As with every Sunday edition of the New York Times, I acted no differently on this week's end in immediately flipping to the Sunday Styles section. I like looking at the photos of the newlyweds, scanning the fashion photos and reading the stories that seem more affable and comforting then the bad complicated news the news usually delivers. Reading an article entitled 'No More Fancy Pants,' I was disgusted, not delighted as I usually am with exposes about contemporary life.
The article looks at the current trend of downplaying the luxurious lifestyle. Just as sky-rocketing gas prices shook the populace to suddenly realize the ecological impact of their automobile affinities (issuing a rush of commercials touting the most fuel-efficient cars on the road, abruptly ending the fad of tanksized vehicles), the crashing economic markets have commercial enterprises advertising the affordability of their wares and their many sales. At a time when people are losing their homes and their jobs, "if you're laying people off," as the article states, "you don't want to buy a Ferrari."
My problem with the article which focuses mainly on the well-to-do and how they are shifting their lifestyles in accordance to the current economic climate, and its subsequent effect on trends in lifestyle, is that it treats modest living as nothing more than a trend. While I have no doubt that it is true (the article briefly mentions previous economic downturns of the 1930s, 1980s and post 9/11), the author misses the boat completely on the artificiality of blind consumerism.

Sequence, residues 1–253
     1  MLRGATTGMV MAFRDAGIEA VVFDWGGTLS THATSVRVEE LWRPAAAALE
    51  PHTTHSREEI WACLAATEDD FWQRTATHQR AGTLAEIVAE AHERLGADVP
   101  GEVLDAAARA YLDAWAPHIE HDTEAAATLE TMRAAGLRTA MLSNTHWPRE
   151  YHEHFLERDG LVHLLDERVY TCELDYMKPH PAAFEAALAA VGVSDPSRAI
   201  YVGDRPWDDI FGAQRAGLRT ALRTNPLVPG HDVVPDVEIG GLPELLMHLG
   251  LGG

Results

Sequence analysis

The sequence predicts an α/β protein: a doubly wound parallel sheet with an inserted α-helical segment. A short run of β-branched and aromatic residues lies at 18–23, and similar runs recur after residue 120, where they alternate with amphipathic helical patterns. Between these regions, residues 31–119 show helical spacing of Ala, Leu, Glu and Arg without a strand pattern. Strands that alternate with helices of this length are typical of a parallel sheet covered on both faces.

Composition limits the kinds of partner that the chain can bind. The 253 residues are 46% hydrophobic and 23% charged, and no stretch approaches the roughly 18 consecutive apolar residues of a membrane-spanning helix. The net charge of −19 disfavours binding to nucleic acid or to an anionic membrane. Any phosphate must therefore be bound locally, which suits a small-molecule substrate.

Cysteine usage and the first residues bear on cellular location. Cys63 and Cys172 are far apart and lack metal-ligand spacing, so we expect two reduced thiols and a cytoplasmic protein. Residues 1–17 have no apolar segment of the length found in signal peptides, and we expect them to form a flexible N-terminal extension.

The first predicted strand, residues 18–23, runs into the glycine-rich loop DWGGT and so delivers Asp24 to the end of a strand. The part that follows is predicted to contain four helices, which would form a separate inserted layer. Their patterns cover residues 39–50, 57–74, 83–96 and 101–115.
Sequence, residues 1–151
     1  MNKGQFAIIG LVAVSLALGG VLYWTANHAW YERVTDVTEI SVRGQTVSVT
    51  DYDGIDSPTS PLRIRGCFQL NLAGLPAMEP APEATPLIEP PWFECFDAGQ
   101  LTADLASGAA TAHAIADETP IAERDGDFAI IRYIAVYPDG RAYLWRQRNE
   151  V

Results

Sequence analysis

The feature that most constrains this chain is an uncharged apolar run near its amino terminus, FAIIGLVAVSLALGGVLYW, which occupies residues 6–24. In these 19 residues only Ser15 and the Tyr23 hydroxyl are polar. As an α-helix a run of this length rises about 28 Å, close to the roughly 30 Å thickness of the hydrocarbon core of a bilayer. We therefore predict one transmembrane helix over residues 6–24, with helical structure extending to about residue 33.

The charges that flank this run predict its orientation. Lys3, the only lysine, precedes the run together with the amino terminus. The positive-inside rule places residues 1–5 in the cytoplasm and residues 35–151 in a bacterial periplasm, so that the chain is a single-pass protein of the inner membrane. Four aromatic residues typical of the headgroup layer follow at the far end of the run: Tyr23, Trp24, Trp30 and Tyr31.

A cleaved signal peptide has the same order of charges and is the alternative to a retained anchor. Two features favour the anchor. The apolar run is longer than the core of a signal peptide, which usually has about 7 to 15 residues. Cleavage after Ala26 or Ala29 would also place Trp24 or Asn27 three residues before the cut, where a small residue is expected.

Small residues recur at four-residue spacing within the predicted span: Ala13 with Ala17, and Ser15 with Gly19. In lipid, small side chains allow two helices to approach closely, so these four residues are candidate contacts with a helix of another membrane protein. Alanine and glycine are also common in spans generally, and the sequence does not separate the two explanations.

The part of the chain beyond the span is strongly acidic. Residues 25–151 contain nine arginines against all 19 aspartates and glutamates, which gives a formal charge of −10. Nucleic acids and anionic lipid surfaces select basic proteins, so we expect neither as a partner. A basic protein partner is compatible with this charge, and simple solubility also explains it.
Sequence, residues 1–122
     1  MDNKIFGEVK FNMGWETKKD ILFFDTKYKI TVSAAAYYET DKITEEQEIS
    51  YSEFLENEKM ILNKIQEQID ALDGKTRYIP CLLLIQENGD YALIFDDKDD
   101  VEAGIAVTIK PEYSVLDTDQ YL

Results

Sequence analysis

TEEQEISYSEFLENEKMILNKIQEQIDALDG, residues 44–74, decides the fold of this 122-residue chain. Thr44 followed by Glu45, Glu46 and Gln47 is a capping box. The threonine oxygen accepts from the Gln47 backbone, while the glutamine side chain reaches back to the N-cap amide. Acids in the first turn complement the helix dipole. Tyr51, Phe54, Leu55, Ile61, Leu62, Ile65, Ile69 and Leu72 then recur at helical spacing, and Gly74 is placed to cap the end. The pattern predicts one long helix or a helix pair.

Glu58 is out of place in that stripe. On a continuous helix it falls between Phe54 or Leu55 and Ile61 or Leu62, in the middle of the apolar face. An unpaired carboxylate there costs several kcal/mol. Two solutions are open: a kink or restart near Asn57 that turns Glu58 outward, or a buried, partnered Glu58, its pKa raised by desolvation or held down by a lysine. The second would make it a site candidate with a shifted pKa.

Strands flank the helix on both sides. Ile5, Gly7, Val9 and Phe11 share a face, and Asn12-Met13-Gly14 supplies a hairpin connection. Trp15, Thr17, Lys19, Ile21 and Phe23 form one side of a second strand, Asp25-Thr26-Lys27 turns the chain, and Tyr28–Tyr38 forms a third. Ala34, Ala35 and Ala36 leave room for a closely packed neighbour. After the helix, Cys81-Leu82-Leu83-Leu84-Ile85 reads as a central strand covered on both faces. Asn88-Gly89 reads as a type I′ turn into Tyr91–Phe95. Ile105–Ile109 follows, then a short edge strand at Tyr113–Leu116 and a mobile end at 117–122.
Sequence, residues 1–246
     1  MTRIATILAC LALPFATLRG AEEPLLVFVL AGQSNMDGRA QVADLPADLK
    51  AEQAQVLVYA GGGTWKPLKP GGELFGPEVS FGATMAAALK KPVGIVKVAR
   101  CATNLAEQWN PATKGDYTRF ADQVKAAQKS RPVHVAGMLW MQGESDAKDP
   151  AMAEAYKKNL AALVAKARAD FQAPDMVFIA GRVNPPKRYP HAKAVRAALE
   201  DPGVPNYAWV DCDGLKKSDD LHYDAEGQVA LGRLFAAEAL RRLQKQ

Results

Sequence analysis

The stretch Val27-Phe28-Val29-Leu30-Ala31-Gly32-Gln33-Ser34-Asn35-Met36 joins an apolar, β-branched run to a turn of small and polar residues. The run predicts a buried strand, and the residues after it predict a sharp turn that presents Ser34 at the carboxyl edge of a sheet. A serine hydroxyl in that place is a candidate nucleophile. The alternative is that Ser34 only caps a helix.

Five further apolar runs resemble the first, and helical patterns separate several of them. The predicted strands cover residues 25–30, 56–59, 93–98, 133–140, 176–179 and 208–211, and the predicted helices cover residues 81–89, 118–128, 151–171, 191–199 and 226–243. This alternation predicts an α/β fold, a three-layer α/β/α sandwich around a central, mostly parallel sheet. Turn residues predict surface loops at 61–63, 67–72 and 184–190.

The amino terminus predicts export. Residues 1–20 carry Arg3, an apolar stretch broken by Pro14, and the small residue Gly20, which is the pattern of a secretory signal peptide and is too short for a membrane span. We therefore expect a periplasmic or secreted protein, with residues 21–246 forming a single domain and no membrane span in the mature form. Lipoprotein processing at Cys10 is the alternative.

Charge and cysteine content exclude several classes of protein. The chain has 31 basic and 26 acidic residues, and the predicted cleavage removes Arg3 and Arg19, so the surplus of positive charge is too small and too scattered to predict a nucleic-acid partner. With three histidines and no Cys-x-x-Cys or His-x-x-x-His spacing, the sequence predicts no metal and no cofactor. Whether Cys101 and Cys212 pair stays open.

In my humble opinion, flaunting opulence, fine jewelry or expensive clothes is never in fashion. Recycling your wardrobe every season, while it might be nice, is not realistic. There is this ideal of having massive amounts of disposable income to spend and buy at your heart's every whim that represents, for me, empty desires without any substance. I balk at this article and its claims that "thriftiness is making a comeback," "it's now chic to cut back," and "roast chicken will be very popular [addressing ostentatious and over-the-top restaurant food]."
Having clothes of quality, a comfortable home, strong connections to your family and friends, and a healthy lifestyle rooted in your local environment shouldn't be something that comes in and out of fashion. Such things are timeless, classic, but more importantly fundamentally human. Treat yourself every now and then, make it special, to be savoured. And focus on the foundational and eternal trues of life, the ones that never fade in and out of style.